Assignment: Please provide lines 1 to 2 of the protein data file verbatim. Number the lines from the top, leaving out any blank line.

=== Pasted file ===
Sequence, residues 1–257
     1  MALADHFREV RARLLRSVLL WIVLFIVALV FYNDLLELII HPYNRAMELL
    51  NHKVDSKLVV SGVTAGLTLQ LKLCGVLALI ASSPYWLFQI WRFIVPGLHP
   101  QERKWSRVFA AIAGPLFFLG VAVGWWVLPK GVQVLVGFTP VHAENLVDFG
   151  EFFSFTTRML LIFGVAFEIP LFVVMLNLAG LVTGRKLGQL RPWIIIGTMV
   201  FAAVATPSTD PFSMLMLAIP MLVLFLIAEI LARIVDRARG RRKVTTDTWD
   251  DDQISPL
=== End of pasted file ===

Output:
Sequence, residues 1–257
     1  MALADHFREV RARLLRSVLL WIVLFIVALV FYNDLLELII HPYNRAMELL